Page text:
the 3rd exercise shown is from hanmi gamae this is gyakuzuki.. this time the focus is on the hiptwist.

a 4th witch is not on the video would be from kokutsu dachi to zenkutsudachi, still the same as the 3rd exercise. It would focus more on shifting and possible forward movement, that is better for kumite.

for actual fighting methods I would do more with distance and timing, but this is just for basics.
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#369735 - 11/19/07 05:36 PM Re: some karate video's for your viewing pleasure [Re: student_of_life]
kakushiite Offline
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Registered: 02/06/03
Posts: 266
Loc: Ithaca, NY, USA
Student_of_life,

I have a simple philosophy. The more bunkai the better. If I see ten techniques for a particular kata sequence, there is probably at least one that would be worth incorporating into my training. So the more we share, the more value we all will see within our art.

Youtube is an outstanding medium for this if you would like to post it there.

When I first started training in the 70s, you can't imagine how much secrecy that existing regarding upper level kata. Now a great deal of the kata is available to everyone on Youtube. I trained with Hayashi-sensei in 1978, and he demonstrated his white crane kata. He told one of my seniors that it was one of the first times he even showed this kata to anyone. Now his Hakkaku is on youtube.

www.youtube.com/watch?v=lkeEB6DOLzs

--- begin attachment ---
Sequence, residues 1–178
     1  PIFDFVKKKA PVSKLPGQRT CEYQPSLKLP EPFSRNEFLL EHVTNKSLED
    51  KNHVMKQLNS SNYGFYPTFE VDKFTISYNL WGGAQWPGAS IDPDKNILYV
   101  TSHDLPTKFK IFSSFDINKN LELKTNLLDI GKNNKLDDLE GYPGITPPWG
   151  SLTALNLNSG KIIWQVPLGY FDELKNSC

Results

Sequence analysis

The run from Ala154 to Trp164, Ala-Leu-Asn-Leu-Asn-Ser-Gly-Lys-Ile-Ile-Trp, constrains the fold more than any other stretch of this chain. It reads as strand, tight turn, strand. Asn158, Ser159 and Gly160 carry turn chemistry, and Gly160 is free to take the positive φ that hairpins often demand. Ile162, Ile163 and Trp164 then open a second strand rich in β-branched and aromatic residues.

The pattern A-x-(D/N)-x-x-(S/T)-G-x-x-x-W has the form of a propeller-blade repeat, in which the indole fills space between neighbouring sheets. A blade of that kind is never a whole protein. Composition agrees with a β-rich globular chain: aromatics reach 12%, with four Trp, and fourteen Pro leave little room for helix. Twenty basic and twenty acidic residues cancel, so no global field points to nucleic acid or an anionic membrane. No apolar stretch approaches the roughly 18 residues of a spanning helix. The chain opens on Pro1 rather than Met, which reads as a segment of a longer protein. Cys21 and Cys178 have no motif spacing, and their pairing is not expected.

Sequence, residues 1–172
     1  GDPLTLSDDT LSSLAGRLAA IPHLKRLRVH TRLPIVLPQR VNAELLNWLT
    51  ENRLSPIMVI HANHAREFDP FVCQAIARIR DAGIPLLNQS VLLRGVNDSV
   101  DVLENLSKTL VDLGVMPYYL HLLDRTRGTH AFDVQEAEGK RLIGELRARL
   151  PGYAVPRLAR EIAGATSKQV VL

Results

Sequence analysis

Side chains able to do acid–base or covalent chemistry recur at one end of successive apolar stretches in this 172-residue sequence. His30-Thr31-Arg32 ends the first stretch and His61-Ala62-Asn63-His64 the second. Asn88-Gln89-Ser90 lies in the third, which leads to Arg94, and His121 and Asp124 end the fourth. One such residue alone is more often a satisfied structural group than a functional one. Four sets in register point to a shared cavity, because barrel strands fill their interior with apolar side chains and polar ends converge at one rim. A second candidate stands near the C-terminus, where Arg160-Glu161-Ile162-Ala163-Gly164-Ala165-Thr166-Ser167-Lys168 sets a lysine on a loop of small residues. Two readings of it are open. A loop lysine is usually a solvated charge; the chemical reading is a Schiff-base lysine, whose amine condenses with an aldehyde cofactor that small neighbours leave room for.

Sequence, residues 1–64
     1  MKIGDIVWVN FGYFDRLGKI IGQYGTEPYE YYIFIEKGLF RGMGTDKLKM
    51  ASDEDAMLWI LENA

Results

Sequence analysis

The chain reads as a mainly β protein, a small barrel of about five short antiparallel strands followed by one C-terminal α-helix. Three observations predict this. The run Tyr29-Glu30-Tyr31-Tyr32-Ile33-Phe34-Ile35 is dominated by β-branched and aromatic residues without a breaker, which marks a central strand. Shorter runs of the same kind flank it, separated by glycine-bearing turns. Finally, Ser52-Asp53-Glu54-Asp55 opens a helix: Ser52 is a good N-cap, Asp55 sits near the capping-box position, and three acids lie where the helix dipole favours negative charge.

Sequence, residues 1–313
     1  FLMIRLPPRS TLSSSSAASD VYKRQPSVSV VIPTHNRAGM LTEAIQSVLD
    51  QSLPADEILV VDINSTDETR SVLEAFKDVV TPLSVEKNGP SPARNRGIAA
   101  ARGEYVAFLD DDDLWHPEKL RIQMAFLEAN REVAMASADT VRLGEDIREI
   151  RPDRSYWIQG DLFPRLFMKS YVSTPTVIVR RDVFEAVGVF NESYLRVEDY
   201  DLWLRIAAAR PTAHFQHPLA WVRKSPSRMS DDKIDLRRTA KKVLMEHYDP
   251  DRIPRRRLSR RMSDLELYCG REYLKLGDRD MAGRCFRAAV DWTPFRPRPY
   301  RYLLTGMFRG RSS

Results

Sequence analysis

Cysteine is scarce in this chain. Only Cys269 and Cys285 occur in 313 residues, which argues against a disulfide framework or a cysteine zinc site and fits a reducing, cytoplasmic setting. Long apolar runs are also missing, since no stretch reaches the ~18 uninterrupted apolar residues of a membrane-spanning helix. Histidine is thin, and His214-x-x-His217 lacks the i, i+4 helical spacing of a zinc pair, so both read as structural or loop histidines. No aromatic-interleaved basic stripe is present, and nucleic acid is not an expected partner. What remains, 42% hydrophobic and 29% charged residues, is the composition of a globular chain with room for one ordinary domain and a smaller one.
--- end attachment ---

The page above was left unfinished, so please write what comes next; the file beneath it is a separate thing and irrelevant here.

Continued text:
For our art to thrive, I believe the next step is to get more useful applications out in the open. If we want students to embrace karate as a fighting system, then we have to get the useful applications out there, so we can start retiring some of the tired old b.s. that has helped give karate a bad rap.

I have plans to publish on-line a large inventory of applications that I have developed over the years. But it is a large project and I want to put it all out at once instead of piecemeal, so I have a lot of work to do.

Plus, I have rather a different view of kata than most. My belief is that many Shorin Ryu kata appear to have been initially designed for sword or spear, and may have been modified over the centuries to work for empty hand as well.

It's not a trivial task to thoroughly document these concepts. There are lots of applications for me to improve upon. I have learned from this thread and many others, that when you publish on the web, unless it is just really solid, it is going to be picked apart. Believe me, my sword approach to Okinawan kata will give plenty of material for critics to pick apart. An earlier discussion of this on FA brought out all sorts of opinions on just how wrong this concept is. But the proof, as they say, is in the pudding, so I have my work cut out for me in the kitchen.

I will publish my ideas on-line because I believe they will, in a small way, help the art. I strongly believe that if more people would publish their ideas, collectively we would be able to help rescue "traditional" Okinawan/Japanese karate from dying an untimely death. I've been through 30 years of training, and have visited lots of schools, and I just haven't found much in the way of useful applications. I want future karateka not to be as clueless as I was for most of my training, so I will do my share.

We already have made some progress in this area. Three seasoned Shotokan veteran's have documented their concepts on video. (Vince Morris, Tony Annesi, and Ian Abernathy). And there is a growing body of work from other karate systems. Patrick McCarthy's work is superb. Even Dillman's early work (prior to his OTKO an NTKO stuff) has some merit as well. (I believe he did a real public service in popularizing some of Oyata sensei's pressure point teachings.) And of course Higaonna and Chinen have done much to further our understand of Goju kata.

There are others as well. Here's Kuniba-sensei doing Seipei (www.youtube.com/watch?v=KQk_LtVIEi0&feature=related)